June 30th 2009 I Don’t Get Twitter

When it comes to computers, I like to think of myself as a so-called power user in the sense that I know how to create software, use the command line, and write really, really ridiculously complicated shell scripts. But that’s all low-level techno-mumbo jumbo. I’m constantly amazed at what other “power users” do with their computers at a high level. I’ve never, ever used Apple’s Automator utility, but I’ve heard of people implementing entire backup solutions using nothing but Automator, their ten fingertips, and the sweat on their brows. My friend Cate is a champion at finding ways to watch television shows for free on the Internet, but like a scrub, I still use cable. Friends and coworkers often tell me about podcasts or video blogs that I’ve never even heard of. And other Mac users are constantly telling me about little utilities they use for automating their daily computing tasks, or just making their Macs more fun to use.

Yet I still don’t get Twitter. I’m not an ignorant git when it comes to finding Internet-delivered news; I’ve been subscribing to RSS feeds before RSS was cool. But the appeal of Twitter is a mystery to me. As a writer, I think it’s impossible to deliver an intelligent message in 140 characters or less. If Twitter was solely used to publish haikus from underground poets, I might be able to get onboard the Twitter train, but I think only a Twat would consider it an effective communication tool.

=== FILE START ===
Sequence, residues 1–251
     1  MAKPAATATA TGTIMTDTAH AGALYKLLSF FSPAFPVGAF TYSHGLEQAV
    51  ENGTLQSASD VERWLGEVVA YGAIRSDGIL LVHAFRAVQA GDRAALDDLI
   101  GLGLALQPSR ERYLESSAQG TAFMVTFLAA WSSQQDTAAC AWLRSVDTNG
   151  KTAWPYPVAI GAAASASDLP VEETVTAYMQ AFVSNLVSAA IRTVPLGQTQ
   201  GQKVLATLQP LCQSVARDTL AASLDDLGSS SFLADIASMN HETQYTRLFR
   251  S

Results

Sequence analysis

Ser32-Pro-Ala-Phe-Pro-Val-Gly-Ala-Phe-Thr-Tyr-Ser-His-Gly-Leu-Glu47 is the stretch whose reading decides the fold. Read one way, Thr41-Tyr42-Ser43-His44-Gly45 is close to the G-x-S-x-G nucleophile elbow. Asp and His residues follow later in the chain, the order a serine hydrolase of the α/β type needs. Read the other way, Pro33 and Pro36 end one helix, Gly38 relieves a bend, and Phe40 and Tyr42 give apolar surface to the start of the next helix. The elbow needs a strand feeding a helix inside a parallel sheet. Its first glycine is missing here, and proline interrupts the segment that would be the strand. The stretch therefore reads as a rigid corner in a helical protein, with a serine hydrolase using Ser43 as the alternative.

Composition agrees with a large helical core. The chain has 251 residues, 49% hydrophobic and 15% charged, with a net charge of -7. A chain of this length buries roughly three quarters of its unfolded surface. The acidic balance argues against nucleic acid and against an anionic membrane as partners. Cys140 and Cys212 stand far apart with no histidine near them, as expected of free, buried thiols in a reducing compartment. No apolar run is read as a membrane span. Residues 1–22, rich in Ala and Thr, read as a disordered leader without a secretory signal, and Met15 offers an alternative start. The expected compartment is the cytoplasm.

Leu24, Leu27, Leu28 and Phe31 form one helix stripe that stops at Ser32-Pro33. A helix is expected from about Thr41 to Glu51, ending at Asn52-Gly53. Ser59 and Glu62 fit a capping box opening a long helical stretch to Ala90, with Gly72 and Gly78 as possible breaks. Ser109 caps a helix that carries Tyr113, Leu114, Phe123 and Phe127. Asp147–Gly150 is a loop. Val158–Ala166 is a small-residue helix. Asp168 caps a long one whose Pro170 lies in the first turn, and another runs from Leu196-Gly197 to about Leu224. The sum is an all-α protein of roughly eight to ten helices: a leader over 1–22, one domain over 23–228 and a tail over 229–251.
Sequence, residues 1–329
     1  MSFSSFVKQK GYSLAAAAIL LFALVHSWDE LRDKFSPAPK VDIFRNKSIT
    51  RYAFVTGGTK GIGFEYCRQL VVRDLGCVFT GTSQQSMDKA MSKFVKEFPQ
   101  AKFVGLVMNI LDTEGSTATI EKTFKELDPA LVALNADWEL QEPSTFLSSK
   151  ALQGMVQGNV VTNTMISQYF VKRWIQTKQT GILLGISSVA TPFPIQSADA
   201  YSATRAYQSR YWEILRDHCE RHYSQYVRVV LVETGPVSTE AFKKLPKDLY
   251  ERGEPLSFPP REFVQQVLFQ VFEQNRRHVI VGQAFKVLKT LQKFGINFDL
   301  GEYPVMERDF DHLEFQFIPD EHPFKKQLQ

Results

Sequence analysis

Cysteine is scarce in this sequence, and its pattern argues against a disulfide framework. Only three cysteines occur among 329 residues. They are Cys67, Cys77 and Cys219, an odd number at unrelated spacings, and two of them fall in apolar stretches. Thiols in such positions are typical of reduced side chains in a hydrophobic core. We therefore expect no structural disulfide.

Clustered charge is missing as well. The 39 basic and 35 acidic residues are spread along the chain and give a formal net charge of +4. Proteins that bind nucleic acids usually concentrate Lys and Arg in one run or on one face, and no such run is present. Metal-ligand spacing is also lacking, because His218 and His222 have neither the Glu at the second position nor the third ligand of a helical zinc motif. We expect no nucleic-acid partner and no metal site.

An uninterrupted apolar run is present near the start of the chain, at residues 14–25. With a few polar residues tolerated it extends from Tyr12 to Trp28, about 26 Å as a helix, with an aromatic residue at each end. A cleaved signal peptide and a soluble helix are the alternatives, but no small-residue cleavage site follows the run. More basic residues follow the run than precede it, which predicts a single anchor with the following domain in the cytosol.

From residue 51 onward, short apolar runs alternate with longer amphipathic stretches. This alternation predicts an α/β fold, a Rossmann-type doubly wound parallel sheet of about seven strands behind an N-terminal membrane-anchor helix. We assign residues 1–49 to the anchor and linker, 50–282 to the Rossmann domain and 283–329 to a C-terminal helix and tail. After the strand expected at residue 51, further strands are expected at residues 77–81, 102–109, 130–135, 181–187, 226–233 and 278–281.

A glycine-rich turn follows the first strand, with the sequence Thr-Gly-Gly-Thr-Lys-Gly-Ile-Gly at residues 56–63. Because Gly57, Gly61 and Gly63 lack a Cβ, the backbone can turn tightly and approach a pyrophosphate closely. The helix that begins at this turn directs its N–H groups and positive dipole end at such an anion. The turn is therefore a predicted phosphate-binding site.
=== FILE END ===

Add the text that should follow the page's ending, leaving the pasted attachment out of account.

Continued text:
Maybe I scoff at Twitter because I think it’s ruining the Internet, partly because it contributes to our national attention deficit disorder epidemic by encouraging people to expect all information to be read and parsed in five seconds or less, but mostly because Twitter has encouraged the use of services like Tiny URL. In essence, Tiny URL is an easy way to trick naïve folks into looking at naughty pictures while they’re at work.

Growing up, there were two things I never really understood that made me feel like I was an epic failure at being a guy. One was the male fascination with flatulence. I never saw the appeal of farting as loud as I could, or farting in some guy’s face while he was sleeping, or lighting my farts on fire, or catching my farts in a jar, or making the smelliest fart in the room, or generally performing any action more obvious than trying to stifle my farts. Even now, I find it hard to say the word “fart” out loud. Ron Weasley is probably more comfortable uttering “Lord Voldemort”.

High school boys also love tricking each other into accidentally looking at really nasty porn. I never understood this hobby, either. I certainly don’t enjoy looking at a full-screen image of one girl shitting in another girl’s mouth, and I don’t understand why you’d want to trick a friend into looking at that gnarly shit, either. I never got the appeal of setting the start page of someone’s web browser to Meat Spin. A lot of guys seem to think that’s really funny, though. I like to think that my highly-evolved wit is above that sort of tomfoolery, but secretly I’ve always felt a bit uneasy about the fact that I just don’t understand that brand of humor.

Twitter is like farting and coprophilia porn: everyone else seems to like it, but I just don’t get it. And that makes me feel like there’s something wrong with me.